Offices are going extinct. Shopping malls are going to become ghost towns. These are some of the theories being bandied about by investors looking to the other side of the COVID-19 crisis. But will they hold true?
For years Australian Real Estate Investment Trust (A-REIT) operators have based their business models on thematics previously considered undisruptable: employers leasing out corporate headquarters to provide a dedicated workplace for staff, and consumers undertaking retail therapy at their local Westfield.
The Black Swan brought about by the pandemic is raising questions over these business models and the end returns for investors. Companies led by Optus, for example, are making coronavirus-era work-from-home measures permanent for some staff. Retailers like Premier Investments are outright refusing to pay landlords rent whilst enjoying the protection of eviction moratoriums, all the while consumers flock to online shopping during lockdowns.
But Pete Morrissey of APN Property Group says it’s not the first time that A-REITs have dealt with existential threats. As consumer behaviours change, savvy landlords will adapt, and the office will not be a relic that people remember by watching… “The Office”. In this Q&A, he shares some of the compelling value opportunities in the A-REIT sector today as it resets for the future.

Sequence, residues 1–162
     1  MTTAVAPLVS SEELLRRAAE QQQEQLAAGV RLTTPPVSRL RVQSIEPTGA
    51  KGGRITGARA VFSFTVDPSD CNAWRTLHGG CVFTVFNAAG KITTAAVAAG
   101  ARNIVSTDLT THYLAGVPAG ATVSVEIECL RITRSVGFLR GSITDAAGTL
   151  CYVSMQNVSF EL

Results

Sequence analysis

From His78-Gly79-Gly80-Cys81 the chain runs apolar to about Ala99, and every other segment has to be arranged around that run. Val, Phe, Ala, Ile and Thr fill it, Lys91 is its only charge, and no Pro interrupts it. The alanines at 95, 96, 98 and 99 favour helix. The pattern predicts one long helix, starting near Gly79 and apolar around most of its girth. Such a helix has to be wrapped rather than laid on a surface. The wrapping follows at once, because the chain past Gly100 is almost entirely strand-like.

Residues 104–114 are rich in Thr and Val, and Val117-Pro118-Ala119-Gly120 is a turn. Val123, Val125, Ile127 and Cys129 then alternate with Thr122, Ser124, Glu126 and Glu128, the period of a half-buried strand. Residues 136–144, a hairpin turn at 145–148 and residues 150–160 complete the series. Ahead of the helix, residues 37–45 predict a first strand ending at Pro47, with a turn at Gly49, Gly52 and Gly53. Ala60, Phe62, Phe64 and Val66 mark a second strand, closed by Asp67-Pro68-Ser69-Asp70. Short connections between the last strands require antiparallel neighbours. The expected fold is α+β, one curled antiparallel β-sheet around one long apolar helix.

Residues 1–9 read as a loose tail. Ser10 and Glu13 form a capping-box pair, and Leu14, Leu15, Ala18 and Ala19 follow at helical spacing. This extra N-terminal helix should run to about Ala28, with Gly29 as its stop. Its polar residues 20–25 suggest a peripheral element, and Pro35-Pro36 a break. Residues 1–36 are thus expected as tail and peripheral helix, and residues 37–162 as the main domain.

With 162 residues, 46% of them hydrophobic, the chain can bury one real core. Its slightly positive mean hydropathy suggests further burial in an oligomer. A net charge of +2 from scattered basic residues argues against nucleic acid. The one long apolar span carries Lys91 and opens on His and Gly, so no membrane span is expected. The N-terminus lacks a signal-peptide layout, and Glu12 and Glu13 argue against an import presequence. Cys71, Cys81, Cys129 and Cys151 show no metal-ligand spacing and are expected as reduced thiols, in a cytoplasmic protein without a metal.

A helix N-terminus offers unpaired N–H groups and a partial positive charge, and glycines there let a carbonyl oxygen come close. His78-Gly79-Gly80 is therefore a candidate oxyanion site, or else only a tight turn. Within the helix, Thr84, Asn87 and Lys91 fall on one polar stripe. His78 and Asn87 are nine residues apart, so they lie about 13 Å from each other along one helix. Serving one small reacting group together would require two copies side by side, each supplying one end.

Access the video or written Q&A below.
Shopping malls have been hit by the perfect storm. What do you make of their future?
The future of shopping assets is going to vary. Clearly the large malls that Vicinity (ASX:VCX) and Scentre Group (ASX:SCG) own have been severely impacted with their foot traffic numbers declining significantly with the lockdown that has been put in place, but these malls will recover at some stage. In the meantime, we've got more convenience-focused centres which are underpinned by supermarkets, which have been going gangbusters. Their performance has been really strong.